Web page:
The assembly further includes a third register which is coupled to the second register and which contains a second counter value. The second counter value is incremented each time that a third signal is generated by the second register and is reset when the second counter value is equal to a certain error compensation value. The third register further generates and communicates a fourth signal to the second register each time that the second counter value is reset, effective to selectively and temporarily increase the first counter value by a certain amount, thereby increasing the accuracy of the clock assembly.
According to a second aspect of the present invention, the time-of-day clock assembly further includes a fourth register, coupled to the second register and having a third counter value that is incremented each time a third signal is generated by the second register and being reset when the third counter value equals a certain calibration threshold value. The fourth register further generates and communicates a fifth signal to the second register each time the third counter value is reset, effective to selectively and temporarily increase the first counter value by a certain amount, thereby increasing the accuracy of the clock assembly.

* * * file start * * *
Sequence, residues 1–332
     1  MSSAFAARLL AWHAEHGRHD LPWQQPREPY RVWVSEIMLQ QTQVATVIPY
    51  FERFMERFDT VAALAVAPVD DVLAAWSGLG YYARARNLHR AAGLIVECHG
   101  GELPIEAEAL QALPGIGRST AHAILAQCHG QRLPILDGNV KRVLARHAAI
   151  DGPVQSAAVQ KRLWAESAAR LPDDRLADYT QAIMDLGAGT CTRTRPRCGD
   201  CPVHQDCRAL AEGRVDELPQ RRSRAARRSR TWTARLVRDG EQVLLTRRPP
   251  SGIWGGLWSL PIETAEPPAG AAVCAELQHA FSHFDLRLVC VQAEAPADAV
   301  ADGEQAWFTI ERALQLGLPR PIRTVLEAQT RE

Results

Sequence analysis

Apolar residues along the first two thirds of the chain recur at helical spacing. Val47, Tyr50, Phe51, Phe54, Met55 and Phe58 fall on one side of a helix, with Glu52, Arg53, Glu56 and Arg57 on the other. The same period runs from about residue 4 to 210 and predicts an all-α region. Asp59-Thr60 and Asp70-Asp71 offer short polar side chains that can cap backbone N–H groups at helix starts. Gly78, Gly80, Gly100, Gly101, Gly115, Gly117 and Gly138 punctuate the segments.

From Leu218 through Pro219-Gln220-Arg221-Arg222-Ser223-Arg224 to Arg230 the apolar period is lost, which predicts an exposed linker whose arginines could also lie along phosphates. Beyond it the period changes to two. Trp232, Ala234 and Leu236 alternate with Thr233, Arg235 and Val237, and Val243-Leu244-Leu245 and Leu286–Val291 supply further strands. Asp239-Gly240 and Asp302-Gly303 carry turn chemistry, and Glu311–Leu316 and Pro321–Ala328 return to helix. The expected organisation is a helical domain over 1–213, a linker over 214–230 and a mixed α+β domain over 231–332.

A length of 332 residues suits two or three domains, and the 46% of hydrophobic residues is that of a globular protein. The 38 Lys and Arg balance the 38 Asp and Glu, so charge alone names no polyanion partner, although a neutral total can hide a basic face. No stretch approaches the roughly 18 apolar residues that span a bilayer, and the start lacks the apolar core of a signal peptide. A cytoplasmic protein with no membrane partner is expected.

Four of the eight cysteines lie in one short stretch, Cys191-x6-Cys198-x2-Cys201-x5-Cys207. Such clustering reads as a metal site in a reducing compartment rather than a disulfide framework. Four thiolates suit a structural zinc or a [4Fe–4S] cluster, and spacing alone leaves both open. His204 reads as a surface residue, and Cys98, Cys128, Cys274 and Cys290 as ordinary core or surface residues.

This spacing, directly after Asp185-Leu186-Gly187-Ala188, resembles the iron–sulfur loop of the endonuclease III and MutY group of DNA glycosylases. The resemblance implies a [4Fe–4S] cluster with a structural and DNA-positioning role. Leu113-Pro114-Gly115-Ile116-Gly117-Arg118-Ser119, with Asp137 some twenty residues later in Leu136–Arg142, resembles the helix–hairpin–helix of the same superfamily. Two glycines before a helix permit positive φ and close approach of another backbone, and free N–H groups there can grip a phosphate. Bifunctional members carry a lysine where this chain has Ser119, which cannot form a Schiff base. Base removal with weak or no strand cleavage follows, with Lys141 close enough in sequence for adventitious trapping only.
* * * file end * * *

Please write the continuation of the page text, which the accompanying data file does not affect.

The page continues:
According to a third aspect of the present invention a method is provided for use in combination with a time-of-day clock assembly which generates interrupt signals having a certain frequency which are used to periodically estimate the time-of-day, the estimated time-of-day being selectively provided to a display. The method including the steps of receiving the interrupt signals; creating a first whole number; creating a second fractional number; creating an estimate of the time-of-day when a certain number of the interrupt signals equaling the first whole number are received; modifying the first whole number by use of a second fractional number; creating an estimate of the time-of-day when a second number of the interrupt signals, equaling the modified whole number, are received, thereby providing a substantially accurate time-of-day estimate.
These and other features, advantages, and objects of the invention will become apparent by reference to the following specification and by reference to the following drawings.
FIG. 1 is a block diagram illustrating a time-of-day clock assembly which is made in accordance with the teachings of the preferred embodiment of the invention.